MTA’s Preliminary 2009 Budget & Four Year Financial Plan

A very short time after MTA CEO/Executive Director Elliot Sander finished his presentation on the MTA’s financial plan, I received an e-mail highlighting the main points. Here are those details:

The Metropolitan Transportation Authority (MTA) today released its Preliminary Budget for 2009 and proposed Four-Year Financial Plan for 2009-2012. The MTA Board will not consider a final budget until December, but the July plan allows for an extended period of public discussion about the MTA’s finances and budget proposals.

The proposed plan reflects sobering developments that have occurred since the last Plan was issued in February 2008, specifically rising fuel costs and the precipitous drop in real estate tax revenue to the MTA. The July Financial Plan assumes an increase of $81 million in 2008 and $127 million in 2009 for fuel costs, and reduced real estate tax projections of $201 million in 2008 and $242 million in 2009. These are the primary reasons that the $216 million budget deficit projected in February for 2009 has grown to over $900 million.

“The proposed plan acknowledges that despite the fiscal crisis we’re facing, the MTA must first cut our own costs and tighten our belt before asking our customers or government partners for more money,” said Elliot G. Sander, MTA Executive Director and CEO. “We have taken extraordinary measures to become a leaner organization, and we have asked all of our funding partners to help close the gap left by rising fuel costs and plummeting real estate revenues.”

To close this gap, the MTA proposed a series of actions that spreads the responsibility among the MTA and its agencies, its labor force, governmental partners and customers, beginning with significant MTA cost-cutting. No service reductions were proposed.

• MTA actions: The Plan already assumes that each MTA agency will do significant belt-tightening, cutting costs by 6% over four years. These cuts come on top of 5% cuts made by the authority between 2004 and 2007. To help close the gap, the Plan proposes an additional $45 million in cuts ($15 million in 2008 and $30 million in 2009). These cuts come even as ridership continues to rapidly grow.

o In addition, the MTA will take an inter-agency loan of $135 million to reduce the gap in 2009 and 2010. $120 million in funds that had been allocated from the 2006 surplus but not yet committed will also be transferred back to the operating budget in 2008 to be used for future gap-closing. Finally, MTA will reduce its subsidy to Long Island Bus by $4 million annually, returning to its historical $10 million allocation, and will begin charging official city, state and county vehicles at Bridge and Tunnel crossings, yielding an additional $10 million annually.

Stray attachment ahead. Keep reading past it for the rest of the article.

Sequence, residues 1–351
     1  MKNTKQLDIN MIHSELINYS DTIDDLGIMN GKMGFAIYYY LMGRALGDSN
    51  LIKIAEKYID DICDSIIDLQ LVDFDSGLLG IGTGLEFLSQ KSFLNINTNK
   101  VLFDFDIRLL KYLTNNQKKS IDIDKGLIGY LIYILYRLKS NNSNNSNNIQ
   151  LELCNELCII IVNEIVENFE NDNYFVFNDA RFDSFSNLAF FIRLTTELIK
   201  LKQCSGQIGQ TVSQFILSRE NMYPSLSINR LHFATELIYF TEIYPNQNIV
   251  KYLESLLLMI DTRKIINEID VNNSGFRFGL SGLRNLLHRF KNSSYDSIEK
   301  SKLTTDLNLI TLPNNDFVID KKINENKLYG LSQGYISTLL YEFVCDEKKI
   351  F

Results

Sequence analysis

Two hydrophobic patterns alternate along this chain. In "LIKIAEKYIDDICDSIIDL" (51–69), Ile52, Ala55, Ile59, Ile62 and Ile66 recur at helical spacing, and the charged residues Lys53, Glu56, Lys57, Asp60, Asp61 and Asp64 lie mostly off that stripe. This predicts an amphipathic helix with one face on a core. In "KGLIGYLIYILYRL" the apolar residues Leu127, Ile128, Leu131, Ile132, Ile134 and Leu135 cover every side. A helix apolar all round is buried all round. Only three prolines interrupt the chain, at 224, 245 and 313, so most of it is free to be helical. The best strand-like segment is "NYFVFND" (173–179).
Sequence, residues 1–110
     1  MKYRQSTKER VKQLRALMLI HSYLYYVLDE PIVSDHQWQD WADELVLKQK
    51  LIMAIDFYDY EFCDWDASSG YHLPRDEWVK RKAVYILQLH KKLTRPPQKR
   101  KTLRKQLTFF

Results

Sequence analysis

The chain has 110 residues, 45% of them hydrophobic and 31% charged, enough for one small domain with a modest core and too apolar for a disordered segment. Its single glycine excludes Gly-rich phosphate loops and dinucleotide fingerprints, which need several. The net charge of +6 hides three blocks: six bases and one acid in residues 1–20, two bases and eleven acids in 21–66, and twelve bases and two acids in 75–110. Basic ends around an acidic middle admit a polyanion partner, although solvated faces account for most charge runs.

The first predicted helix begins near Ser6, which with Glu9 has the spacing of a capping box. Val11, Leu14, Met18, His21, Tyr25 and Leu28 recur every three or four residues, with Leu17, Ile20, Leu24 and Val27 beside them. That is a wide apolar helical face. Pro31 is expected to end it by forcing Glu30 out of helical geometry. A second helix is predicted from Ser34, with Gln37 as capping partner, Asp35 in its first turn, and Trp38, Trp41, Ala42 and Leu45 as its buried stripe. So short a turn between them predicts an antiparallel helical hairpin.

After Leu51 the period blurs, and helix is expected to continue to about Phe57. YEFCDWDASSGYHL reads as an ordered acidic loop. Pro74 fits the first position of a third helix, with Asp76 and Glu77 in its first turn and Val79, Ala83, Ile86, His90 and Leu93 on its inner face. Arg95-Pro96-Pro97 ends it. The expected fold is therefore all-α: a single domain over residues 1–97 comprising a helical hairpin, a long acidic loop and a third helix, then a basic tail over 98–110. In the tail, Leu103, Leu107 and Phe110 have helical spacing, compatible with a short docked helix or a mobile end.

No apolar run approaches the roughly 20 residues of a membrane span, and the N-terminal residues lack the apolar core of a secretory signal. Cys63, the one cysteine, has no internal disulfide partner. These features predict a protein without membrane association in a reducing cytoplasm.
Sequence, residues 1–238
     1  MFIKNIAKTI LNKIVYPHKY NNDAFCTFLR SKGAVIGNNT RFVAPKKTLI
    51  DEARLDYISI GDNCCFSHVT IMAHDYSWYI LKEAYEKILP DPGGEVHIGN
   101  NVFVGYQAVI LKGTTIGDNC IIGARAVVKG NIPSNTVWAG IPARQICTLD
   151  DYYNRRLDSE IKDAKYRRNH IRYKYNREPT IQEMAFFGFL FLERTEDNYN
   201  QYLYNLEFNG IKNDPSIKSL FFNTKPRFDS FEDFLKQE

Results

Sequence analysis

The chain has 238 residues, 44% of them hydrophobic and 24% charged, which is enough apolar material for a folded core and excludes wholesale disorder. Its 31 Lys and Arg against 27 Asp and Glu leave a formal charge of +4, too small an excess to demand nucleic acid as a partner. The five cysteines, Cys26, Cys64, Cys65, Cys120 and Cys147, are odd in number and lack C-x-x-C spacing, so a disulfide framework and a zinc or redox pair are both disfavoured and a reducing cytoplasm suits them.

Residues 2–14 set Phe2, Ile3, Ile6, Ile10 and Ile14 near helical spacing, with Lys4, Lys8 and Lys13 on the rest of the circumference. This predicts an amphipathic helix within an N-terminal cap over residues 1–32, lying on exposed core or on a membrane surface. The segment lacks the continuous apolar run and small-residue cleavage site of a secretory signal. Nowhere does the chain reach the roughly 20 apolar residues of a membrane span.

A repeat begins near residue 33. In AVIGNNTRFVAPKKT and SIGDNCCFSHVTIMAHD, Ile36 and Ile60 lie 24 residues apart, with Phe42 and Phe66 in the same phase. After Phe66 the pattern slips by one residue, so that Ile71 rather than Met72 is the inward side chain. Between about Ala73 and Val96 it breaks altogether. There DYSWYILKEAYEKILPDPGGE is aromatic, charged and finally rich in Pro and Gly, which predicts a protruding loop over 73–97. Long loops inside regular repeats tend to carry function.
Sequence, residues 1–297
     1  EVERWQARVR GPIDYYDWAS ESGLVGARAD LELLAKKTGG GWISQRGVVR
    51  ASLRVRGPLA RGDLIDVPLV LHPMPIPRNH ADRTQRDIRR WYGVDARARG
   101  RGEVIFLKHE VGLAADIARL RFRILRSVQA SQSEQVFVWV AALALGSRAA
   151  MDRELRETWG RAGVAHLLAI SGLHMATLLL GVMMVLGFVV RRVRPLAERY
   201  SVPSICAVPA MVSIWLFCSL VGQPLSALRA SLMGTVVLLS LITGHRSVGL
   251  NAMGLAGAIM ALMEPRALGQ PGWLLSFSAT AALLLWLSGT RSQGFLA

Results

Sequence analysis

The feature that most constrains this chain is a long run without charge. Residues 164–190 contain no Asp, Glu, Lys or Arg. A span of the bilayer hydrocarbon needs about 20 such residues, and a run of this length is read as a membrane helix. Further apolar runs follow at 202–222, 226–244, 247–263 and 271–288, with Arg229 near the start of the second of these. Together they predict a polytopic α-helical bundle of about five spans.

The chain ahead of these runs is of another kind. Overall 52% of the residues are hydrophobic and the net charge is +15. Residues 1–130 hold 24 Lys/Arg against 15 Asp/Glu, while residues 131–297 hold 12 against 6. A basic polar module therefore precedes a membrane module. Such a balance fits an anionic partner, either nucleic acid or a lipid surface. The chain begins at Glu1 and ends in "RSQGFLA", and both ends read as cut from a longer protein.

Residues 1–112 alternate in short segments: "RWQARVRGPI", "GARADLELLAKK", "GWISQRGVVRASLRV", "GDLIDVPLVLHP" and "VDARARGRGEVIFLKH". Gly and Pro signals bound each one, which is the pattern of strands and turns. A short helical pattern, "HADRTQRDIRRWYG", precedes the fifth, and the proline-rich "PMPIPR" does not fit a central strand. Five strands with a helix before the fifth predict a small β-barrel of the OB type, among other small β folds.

• Labor: The plan assumes that MTA employees will make a modest contribution through negotiation of new contracts.

• MTA Customers: Customers would be asked to contribute through a fare and toll increase that would take effect in July 2009 and yield an 8% increase in fare and toll revenues. This increase would effectively move forward by six months the 2010 increase that had been announced as part of the MTA’s plan to adjust fares and tolls every two years to keep them level with the rate of inflation.
• Government partners: The February Plan assumed additional governmental aid of $600 million beginning in 2010; the MTA will now seek more than $300 million of that aid in 2009, including a list of proposed changes:

o Full reimbursement of lost fares ($104 million) associated with providing peak-hour half-fare discounts to seniors ($15 million) and reduced fares to school children, not currently reimbursed by the City or the State, ($89 million). The City currently pays $13.8 million annually for seniors and the State and City currently pays $90 million annually ($45m each) for school fare reimbursement, which has not changed since 1995.

o $113 million in 2009 from the City to increase its funding of Paratransit to 50%.

o $50 million annually from elimination of State real estate tax loopholes.

o $59 million between 2008 and 2009 in State tax restorations.

These represent a series of proposed changes that will improve the MTA’s bottom line. It is not exhaustive, only illustrative. Other actions taken by the MTA’s funding partners could substitute for these examples.

In addition, the MTA will ask the federal government to eliminate federal mandates that cost the MTA $62 million annually.

As a result of these and other gap closing actions, the MTA expects to carry a $15 million surplus into 2010, helping to lower that year’s forecast deficit to $250 million. Without these measures, budget gaps are expected to grow to more than $2.3 billion in 2012, potentially requiring outsized fare increases and service cuts.

“The MTA’s July Financial Plan is just the start of the discussion about our finances,” said MTA Board Chairman H. Dale Hemmerdinger. “The Board looks forward to a productive public dialogue and will be working closely with the Ravitch Commission appointed by Governor Paterson to address the MTA’s ongoing fiscal issues.”

More information on the Plan is available online at The complete plan will be online later this week.

I will get into my thoughts on the board meeting, presentation, & future in the next entry.

xoxo Transit Blogger

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